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Claude Lévi-Strauss.

Vancouver, Douglas & Mclntyre, c1982.
249pp, cloth, $23.95.
ISBN 0-88894-358-X.

Reviewed by Grace E. Funk.

Volume 11 Number 2.
1983 March.

Claude Lévi-Strauss is a professor of social anthropology at the College de France. This book was first published in 1975 as La voie des masques. It has been translated by Sylvia Modelski, who worked closely with Professor Lé vi-Strauss and his original sources. The book is a work of scholarship; the principal subject matter is the Swaihwe mask of the Salish, which is reversed in every significant detail both of appearance and social utility in the Dzonokwa mask of the Kwakuitl. Important myths of both peoples accompany the mask study, along with considerable comment on the important symbols of copper, frogs, earthquakes, and monsters in all the Pacific Northwest cultures. The mask does not exist in isolation, Lévi-Strauss argues; it cannot be interpreted only for itself, by what it represents, but also for what it transforms, what it does not represent. He bases many of his arguments on the premise that a myth and its physical representation in mask and/or ritual becomes inverted or reversed, when adopted by a neighbouring culture. "Over . . .immense territory, beliefs, practices and works remain mutually congruent when they imitate one another, and even, perhaps above all, when they seem to be contradictory."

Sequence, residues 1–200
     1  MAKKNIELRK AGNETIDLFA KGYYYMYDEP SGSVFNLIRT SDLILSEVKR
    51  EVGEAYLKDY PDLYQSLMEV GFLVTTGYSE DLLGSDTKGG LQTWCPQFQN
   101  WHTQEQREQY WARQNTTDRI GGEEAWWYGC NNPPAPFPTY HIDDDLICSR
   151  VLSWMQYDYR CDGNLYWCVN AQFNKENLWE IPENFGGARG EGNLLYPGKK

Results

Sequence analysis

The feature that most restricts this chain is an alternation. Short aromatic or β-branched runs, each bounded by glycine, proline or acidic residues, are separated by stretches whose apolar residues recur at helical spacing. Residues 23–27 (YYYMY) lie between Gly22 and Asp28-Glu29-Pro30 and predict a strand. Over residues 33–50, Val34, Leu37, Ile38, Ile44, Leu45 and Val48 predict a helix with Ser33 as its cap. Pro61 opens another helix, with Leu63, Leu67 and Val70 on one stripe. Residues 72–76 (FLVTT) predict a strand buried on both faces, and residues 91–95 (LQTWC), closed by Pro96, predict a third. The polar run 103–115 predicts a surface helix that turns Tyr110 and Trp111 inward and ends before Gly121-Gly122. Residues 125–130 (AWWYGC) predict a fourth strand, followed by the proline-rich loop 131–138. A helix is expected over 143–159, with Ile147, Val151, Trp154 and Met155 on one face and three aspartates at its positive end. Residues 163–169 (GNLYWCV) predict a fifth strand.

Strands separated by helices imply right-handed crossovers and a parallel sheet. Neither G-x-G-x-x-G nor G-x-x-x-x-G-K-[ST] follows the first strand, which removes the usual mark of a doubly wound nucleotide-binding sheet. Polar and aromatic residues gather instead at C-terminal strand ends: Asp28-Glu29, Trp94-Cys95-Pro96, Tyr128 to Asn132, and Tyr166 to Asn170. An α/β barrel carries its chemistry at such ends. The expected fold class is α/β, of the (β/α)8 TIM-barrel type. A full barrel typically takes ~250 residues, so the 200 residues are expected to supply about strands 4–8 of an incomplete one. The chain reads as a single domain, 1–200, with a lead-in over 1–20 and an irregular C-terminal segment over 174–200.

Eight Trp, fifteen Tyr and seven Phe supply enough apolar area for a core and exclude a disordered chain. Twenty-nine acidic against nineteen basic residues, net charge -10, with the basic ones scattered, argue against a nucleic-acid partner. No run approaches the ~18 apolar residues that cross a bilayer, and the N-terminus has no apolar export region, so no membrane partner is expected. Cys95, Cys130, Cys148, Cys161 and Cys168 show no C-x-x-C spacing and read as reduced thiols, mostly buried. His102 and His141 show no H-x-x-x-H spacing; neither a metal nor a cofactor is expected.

One hesitates to take issue with a famous scholar, but one argument jars. Lévi-Strauss does not feel it necessary to visit the Pacific Coast himself; he says it would be futile, because the cultures are "ruinous." Even in the seven years since the book was first published we have seen that the cultures of the Pacific Northwest are far from "ruinous." One critic has said "to understand a poem one must stand where the poet stood." So with other works of art specific to a locality or a culture. To understand Pacific Northwest masks, one must come to the Pacific Northwest and stand between the mountains and the sea. Fine-spun theories have a way of dissolving into sudden insight upon direct personal experience. I kept looking for the masks to be somehow tied to the very strong spiritual sense of the Salish people, but found almost no mention of it.

No attempt is made, either, to assess the different versions of the masks as art, although the illustrations themselves are plentiful, unusual, and superb. As an anthropologist, the author is concerned with common features, not with individual artists. As an anthropologist, however, Lévi-Strauss rejects the straight-jacket of kinship systems, with all the specialized terms, as not fitting Pacific Northwest culture. He has added instead the concept of "houses" with a definite geographical location.

The book is a sure-to-be-discussed addition to Pacific Northwest anthropology. (The book jacket says "controversial.") It will be useful in its new English translation, with a bibliography in four languages, to university students, not to schools.

Grace E. Funk, Harwood E. S., Vernon, BC.
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